A Church Conference Survival Guide

Attending conferences are a vital part of both your faithfulness and fruitfulness in ministry. During those times, our hearts can be renewed, our ministry tools sharpened, and our souls restored. But a good conference can be completely overwhelming.

Commonly stated, it often feels like drinking from a firehose.

Put the C4 away.

The first day of most conferences is intended to reinforce your calling AND reinforce your need to be at that particular conference. That means that by the end of the day, most of us are convinced that everything we’re doing is actually detrimental to the cause of Christ, and we need to completely blow up our current ministry structures and programs in order to completely adopt the suggested ministry paradigm. Don’t do that.

Bite the Bullet.

There is, however, wisdom in taking their paradigm into consideration and honestly evaluating where your church is. After my first conference as a youth pastor, I remember being destroyed by my failures to lead a healthy youth ministry. I sat down and evaluated everything we were and weren’t doing and sent the evaluation document to my Senior Pastor along with a note of gratitude for the opportunity to be there. The brutal facts forced me to make some needed changes in our ministry, and by sharing that with him, it displayed that I was seeking the best for our church, not just for me.

Come up for Air.

The conference often tries to cram in a month’s (or more) worth of wisdom and insight into 3-5 days in order to guarantee that you get your money’s worth. That’s a good thing. You’d rather they do that than not. But, unfortunately, by the end of Day 2 (if not sooner), most conference attendees start to get that glazed over look in their eyes. Take a break. A spiritual practice that has served me well has been to take a “breakout session” off at any conference longer than 2 days. That’s not to say they don’t have great value, but rather to say that it helps to stop, take a deep breath, and focus your mind to receive more.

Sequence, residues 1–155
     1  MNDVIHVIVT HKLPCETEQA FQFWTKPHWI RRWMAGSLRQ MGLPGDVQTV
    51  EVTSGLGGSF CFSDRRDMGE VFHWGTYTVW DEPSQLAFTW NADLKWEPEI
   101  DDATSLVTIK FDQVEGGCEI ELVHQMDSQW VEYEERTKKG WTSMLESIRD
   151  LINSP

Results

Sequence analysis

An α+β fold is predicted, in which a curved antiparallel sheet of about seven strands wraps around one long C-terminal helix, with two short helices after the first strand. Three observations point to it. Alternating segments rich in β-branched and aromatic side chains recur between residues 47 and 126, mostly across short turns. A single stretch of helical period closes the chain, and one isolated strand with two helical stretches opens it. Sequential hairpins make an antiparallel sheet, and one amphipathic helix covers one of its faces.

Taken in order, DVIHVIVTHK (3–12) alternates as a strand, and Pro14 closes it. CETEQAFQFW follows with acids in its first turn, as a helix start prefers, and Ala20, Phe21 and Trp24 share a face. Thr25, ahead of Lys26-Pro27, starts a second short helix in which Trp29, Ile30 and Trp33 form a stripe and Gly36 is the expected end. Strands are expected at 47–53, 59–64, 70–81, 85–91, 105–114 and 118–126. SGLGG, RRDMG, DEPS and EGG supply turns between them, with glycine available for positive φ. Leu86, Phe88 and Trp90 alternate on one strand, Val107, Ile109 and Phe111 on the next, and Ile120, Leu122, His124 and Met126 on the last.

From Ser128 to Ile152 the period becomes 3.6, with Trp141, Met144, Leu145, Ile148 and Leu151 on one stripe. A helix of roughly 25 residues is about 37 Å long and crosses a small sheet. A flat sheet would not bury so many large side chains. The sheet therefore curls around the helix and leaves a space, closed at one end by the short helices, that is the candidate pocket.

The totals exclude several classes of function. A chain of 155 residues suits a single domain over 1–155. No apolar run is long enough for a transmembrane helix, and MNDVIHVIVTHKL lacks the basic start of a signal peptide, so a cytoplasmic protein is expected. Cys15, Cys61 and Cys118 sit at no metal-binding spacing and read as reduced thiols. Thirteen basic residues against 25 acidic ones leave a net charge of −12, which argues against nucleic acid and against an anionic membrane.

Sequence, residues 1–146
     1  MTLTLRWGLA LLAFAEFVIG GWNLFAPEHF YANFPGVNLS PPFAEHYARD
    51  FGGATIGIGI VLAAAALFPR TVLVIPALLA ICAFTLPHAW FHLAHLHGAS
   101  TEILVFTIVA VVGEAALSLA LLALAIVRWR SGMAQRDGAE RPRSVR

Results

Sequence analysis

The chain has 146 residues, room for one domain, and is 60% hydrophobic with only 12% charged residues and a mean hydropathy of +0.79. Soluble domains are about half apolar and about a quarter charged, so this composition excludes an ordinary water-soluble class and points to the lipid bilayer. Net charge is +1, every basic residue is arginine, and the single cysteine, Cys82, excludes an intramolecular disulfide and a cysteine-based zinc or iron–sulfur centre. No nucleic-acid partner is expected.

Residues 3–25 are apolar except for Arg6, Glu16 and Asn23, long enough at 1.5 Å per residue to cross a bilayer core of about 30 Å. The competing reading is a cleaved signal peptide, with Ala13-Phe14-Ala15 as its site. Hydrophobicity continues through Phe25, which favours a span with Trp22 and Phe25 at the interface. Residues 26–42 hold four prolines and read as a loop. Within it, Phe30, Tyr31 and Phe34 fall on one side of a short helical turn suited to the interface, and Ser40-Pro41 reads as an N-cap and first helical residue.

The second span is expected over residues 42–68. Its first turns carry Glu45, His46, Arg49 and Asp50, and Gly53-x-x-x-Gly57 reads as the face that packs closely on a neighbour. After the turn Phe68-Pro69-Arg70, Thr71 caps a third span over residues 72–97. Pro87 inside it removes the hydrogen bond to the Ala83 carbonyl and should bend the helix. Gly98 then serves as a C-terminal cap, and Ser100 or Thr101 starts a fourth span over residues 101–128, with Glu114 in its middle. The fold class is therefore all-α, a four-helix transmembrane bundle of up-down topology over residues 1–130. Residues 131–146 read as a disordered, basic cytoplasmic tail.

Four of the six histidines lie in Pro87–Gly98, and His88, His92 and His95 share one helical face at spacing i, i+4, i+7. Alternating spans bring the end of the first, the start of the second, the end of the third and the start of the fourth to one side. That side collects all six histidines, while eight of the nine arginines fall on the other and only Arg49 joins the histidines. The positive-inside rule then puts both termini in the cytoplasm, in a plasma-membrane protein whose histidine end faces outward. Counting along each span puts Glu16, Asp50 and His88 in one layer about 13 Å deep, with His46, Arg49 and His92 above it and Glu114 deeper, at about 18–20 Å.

Take a Day to Process.

Re-entry is always one of the most exciting and most frustrating aspects of any conference. You typically get home sleep-deprived, road-weary, and full of ideas and thoughts. Most of the time, your spouse will look at you lovingly in spite of the fact that you’re rolling out buzz-words and ideas that are actually completely foreign to them. It takes some time for you to share the enthusiasm that you’ve garnered with them and they jump on board. I recommend taking a full 24 hours post-conference to get some sleep, process your thoughts, and play with your kids before making any major decisions.

Pick 3.

Take copious notes. Mark your notebook up. And at the end of the conference, determine what 3 steps you can implement with the next 3 months. Again, DO NOT blow up what you’re doing. Add something. Remove something. Tweak something. After those 3 changes are made, review your notes and determine what else could be done. A strong conference can help guide your ministry action steps for a year. An excellent conference could direct it for 2 or 3.

Step out.

After you’ve chosen 3 things to take care of, be diligent to move on them. Don’t allow disorientation, or the pain of re-entry take the wind out of your sails. People will say things like, “Can you tell he’s been to the mountain top?” Or will inform you that this newfound excitement will wane. Don’t be dissuaded. You’ve done your homework, you’ve honestly evaluated where you are, you’ve taken some time, and you’ve decided what 3 things MUST be done. Now do it.

How do you survive conferences?


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